Improve your lawn for far less than $100

Got a hundred bucks and a free weekend?

Then you’ve got what it takes to invest in some yard-care improvements, according to a top expert on lawn and yard care.

What can you do with $100 right now?

• Mow the right way starting today. Don’t scalp your lawn, thinking you will have to mow less often. Instead, let it grow a little longer, which is healthy for the lawn and saves on gas and wear and tear on your mower. When you do mow, cut only one-third the length of the grass blade. Cost: Less than $3 for a gallon of gas, enough for a month of mowing for many homeowners.

• Apply a few bags of bark mulch. Few things dress up a yard more than mulch properly applied on flower beds and around trees. It provides that finished look and is good for the plants because it retains moisture in the soil. Cost: About $3 per bag.

• Fertilize naturally. When you mow, leave a light layer of grass clippings on the lawn, which will become a natural fertilizer. Even better, a mulching mower finely minces the grass clippings so they decompose more rapidly. Cost: $0.

• Start a compost pile. This costs nothing but a little time as opposed to purchasing bags of compost at the garden center. It’s easy. Start a pile that includes most leftovers from your meals — excluding proteins. Cost: $0.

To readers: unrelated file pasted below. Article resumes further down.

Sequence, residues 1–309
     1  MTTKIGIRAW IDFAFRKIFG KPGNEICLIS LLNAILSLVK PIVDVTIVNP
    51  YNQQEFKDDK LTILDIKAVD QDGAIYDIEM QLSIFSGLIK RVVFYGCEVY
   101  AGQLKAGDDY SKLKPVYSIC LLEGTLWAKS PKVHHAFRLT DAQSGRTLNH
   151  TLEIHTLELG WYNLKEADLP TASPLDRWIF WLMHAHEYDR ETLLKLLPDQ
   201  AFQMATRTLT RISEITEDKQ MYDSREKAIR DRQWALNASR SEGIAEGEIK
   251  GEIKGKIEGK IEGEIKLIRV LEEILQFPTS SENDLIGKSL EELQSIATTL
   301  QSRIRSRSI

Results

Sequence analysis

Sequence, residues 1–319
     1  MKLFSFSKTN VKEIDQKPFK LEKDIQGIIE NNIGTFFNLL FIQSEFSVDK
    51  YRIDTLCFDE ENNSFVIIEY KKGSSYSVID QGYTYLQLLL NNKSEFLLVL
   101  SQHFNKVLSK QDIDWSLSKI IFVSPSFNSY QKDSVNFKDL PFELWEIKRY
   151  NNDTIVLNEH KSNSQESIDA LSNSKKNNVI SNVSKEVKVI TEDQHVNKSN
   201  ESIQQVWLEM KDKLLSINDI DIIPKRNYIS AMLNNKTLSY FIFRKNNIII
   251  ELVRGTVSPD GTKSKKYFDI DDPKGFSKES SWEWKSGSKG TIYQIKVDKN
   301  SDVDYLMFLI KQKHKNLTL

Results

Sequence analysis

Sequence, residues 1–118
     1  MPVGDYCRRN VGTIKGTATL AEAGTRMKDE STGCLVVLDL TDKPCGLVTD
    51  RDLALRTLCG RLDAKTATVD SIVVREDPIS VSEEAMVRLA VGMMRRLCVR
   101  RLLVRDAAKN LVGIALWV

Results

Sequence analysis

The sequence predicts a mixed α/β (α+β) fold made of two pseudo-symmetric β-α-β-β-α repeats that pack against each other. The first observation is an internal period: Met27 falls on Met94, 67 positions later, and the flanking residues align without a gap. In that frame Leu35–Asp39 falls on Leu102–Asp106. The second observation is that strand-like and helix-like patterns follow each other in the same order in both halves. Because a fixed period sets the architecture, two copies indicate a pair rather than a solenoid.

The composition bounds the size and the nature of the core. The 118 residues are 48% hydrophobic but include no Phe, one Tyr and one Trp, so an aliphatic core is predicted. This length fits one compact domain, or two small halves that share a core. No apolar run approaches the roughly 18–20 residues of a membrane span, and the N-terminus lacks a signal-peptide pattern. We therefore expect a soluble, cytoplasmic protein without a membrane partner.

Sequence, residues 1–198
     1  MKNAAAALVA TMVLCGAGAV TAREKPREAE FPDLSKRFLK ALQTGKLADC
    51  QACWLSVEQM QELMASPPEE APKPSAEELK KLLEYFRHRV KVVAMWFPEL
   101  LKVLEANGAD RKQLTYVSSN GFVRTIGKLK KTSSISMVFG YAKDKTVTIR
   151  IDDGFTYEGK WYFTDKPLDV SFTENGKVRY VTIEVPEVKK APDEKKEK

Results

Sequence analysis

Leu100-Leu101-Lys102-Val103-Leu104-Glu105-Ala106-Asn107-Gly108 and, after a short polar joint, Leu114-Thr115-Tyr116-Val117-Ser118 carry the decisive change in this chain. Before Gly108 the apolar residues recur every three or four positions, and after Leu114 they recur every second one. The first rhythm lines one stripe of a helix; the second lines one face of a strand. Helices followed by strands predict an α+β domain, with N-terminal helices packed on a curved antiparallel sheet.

• Take 30 minutes to maintain your mower. Change the oil, clean or replace the spark plug, and change the filter once a year. This simple task cuts emissions, makes your mower run better and may save you from repair bills down the road. Tune-up kits are available to make it easy. Cost: $10 to $14 for the average walk-behind mower.

• Let nature water your lawn. Your lawn needs about one inch of water a week to be green and thrive. But if water is costly where you live, let nature handle irrigation. Cost: $0.

With the rest of your $100, splurge on some flowers, inexpensive clay pots and a bag of potting soil to dress up your front doorway, patio or deck. Then sit back and admire what you accomplished on a shoestring.